This post was originally published in Elite Agent 24 February 2021 as "The real cost of cheap vs affordable CRMs"
“I'll go with the cheaper agent - they said they’ll give me a discount...”
Bargain hunters. You know the type. When a prospect tells you that they’re going with a discount agent who’s willing to shave 0.75% off comms, what runs through your head?
- The late night negotiations to squeeze an extra thousand dollars for the seller
- The Sunday private inspections
- The cleaners you organise before an open home
- The way you tailor a marketing strategy to the current market and target buyer
- The little extras you provide…
You don’t discount your commission because you stand behind the quality of service you provide. It’s the same thing with CRM providers.
Considering a low-cost CRM? Read this before you sign anything.
Cheap v Affordable
Cheap real estate CRM refers to services that skimp on quality in favour of a lower price. “Cheap” is good for your wallet in the short term, but actually harmful to your business in the long run.
Businesses that offer CRM systems like this are generally running on a “churn and burn” business model. They need a high volume of agencies like yours to use their services, but because they need so many clients to stay afloat, you receive little to no attention or support – let alone new features and system updates. There’s certainly no frills. Often, you’re signing up for a stripped back version of a paid product.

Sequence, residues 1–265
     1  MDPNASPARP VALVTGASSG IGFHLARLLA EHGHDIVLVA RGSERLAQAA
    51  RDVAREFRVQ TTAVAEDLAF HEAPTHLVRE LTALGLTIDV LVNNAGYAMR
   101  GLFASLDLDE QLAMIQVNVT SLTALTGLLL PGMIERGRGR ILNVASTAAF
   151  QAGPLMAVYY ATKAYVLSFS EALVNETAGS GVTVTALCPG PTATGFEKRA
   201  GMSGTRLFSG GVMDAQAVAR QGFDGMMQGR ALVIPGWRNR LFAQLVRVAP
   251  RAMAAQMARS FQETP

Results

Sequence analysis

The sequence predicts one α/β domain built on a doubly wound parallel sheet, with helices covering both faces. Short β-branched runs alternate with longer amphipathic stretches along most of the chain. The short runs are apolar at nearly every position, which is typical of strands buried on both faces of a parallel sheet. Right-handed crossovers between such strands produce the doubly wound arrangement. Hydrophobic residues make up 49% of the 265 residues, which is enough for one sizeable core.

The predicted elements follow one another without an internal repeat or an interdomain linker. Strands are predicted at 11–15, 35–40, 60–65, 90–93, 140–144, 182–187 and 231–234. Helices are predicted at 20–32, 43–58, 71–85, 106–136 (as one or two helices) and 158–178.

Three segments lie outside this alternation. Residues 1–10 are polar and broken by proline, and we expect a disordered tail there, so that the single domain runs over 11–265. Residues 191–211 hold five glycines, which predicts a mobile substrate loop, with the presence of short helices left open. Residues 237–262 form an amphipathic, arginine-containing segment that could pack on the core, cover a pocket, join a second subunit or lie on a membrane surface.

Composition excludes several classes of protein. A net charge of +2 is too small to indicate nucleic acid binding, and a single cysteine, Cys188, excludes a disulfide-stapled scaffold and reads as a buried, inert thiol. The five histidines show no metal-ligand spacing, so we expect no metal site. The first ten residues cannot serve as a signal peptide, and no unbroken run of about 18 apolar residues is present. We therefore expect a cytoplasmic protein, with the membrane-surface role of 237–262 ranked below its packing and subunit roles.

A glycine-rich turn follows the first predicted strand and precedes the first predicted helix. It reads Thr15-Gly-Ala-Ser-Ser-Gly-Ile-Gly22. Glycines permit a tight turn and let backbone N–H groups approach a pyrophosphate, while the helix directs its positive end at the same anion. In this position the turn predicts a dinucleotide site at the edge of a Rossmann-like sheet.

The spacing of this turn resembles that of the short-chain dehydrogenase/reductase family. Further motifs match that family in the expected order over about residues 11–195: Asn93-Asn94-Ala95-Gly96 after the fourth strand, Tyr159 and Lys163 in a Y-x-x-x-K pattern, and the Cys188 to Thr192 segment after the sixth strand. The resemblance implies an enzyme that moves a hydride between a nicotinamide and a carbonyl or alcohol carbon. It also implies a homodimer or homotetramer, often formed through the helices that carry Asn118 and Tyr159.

Affordable CRMs, on the other hand, provide services at a competitive price. The important distinction between “cheap” and “affordable” is that, while both imply low costs, affordable CRM systems do not compromise on quality. For a reasonable amount of money, an affordable CRM will provide a CRM system that actually adds value to your business.
Still not convinced? There’s more…
The top seven hidden costs of cheap real estate tech
1. Replacement cost
This one’s obvious. If you choose the wrong CRM provider, you’ll ultimately need to replace it. Your agency could be required to pay early termination costs. Not to mention the fact that you’ll need to get all the decision makers in a room again… yikes.
2 Third party product costs
There’s nothing wrong with using third party products to extend your CRM’s capability – in fact, we’re all for it! That’s why our API is as open as possible.
But not all platforms work the same and sometimes there are hidden costs that arise. Thats the last thing you want when you are adding on products to solve a need that could’ve been solved by a better CRM. For example, if you choose a CRM that can’t handle your trust accounting, you’ll need to use another system and build an integration with your CRM.
These extra costs could include the product itself, the integration, ongoing maintenance and admin costs – but that’s not all. Time costs can start to rack up when problems arise in data discrepancies and sync interruptions between the two products. You may find the best solution for your agency is to minimise the need for many third party products by choosing the best-fit software from the outset.